Friday, February 02, 2007

ARTHUR AND THE INVISIBLES is so cute I can forgive it all its manifest flaws

Jimmy Fallon and Madonna redeem themselvesI've read the bad reviews of ARTHUR AND THE INVISIBLES and I agree with everything they say. The movie borrows heavily from other films and children's stories. The plot is a bit random. Whole set-pieces happen for no other reason than, say, writer-director Luc Besson, wants to see a rastafarian character (voiced by Snoop Dogg) get the pre-teen hero get high. And of course there is that snobbish need to condemn any movie that has a connection with Madonna. The movie rips off many another tale, and features far too much ueber-hip post-modern stylings from the characters. One of the most ridiculous plot contrivances is that despite life-threatening poverty, Arthur attends an English boarding school so as to explain his upper-class English accent! There's also a disastrous parody of Pulp Fiction and Saturday Night Fever.

But the thing is that ARTHUR AND THE INVISIBLES is a fun time. If you take some kids to see it, they will enjoy it and, frankly, I enjoyed it too. Certainly a lot more than the usual talking-animal US animation.

The story sees a young boy called Arthur (Freddie Highmore) who lives with his poverty-stricken grandmother (Mia Farrow) on a rural farm in 1960s America. The nasty evil Goonies-style property developers are about to seize the family farm and turn it into condos. So Arthur has to search for some rubies that his grandfather hid on the family estate in the care of some inch-high little humanoids called the Minimoys. In miniature form, the movie switches from live action to animation and Arthur has to journey into the lair of the evil M (David Bowie) and rescue his grandfather, locate the ruby and win the heart of the feisty Princess (voiced with no little skill by Madonna.)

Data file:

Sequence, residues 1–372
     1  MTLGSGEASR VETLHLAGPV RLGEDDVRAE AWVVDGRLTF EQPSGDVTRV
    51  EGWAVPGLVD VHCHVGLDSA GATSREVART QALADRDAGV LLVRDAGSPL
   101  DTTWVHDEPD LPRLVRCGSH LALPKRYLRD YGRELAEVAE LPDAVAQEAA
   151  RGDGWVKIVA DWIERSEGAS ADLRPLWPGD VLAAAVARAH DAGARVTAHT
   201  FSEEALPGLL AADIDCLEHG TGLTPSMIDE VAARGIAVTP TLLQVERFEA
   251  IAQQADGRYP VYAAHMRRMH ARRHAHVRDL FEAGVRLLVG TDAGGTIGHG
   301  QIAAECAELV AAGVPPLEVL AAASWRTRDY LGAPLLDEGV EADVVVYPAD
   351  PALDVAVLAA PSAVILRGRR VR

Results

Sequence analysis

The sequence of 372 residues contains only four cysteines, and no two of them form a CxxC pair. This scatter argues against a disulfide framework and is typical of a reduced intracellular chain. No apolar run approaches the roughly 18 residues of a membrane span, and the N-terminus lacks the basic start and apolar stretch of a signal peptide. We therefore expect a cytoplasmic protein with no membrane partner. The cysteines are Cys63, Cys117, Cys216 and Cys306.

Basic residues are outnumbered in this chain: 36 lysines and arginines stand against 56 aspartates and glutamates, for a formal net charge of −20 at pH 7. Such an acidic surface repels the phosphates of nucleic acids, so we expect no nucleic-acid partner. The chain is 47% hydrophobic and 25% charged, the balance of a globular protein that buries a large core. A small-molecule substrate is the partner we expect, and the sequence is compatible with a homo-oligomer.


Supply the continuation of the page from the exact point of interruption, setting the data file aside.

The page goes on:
It's not a work of genius, but you know, the Minimoys are sweet, and their world is richly imagined. Despite the plot plagiarism, ARTHUR AND THE INVISIBLES is actually far less formulaic than most studio-produced kids movies. So all in all, I have to give it a thumbs up.

ARTHUR AND THE INVISIBLES was released in Francem Belgium, France, Israel, Spain, Greece, Turkey, Iceland, Hungary, the US and Kuwait in December. It was released in Poland, Australia, China, the Philippines, Argentina, Germany and the Netherlands in January. It is currently on release in Italy, Sweden, the UK. It opens in Denmark on Feb 9th, in Norway on Feb 16th, in Finland on March 2nd and in Hong Kong on April 5th.

1 comment:

  1. Good to know. I'll have to make a point of seeing this one. Especially since I couldn't agree with you more about the talking animals, cars, etc. What next? Talking toilets?h